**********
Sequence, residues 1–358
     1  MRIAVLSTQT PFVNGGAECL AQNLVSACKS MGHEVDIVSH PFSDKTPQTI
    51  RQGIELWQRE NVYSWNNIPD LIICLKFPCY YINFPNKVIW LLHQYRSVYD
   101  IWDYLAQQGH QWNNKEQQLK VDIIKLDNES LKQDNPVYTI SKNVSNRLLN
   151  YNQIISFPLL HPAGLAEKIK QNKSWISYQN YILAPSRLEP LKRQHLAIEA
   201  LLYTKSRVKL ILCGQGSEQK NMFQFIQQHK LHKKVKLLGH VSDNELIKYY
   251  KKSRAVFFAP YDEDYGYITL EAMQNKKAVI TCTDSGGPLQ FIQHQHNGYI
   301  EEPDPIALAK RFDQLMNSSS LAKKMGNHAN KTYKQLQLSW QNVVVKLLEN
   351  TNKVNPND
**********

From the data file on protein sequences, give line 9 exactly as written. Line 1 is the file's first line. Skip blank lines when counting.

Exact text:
   351  TNKVNPND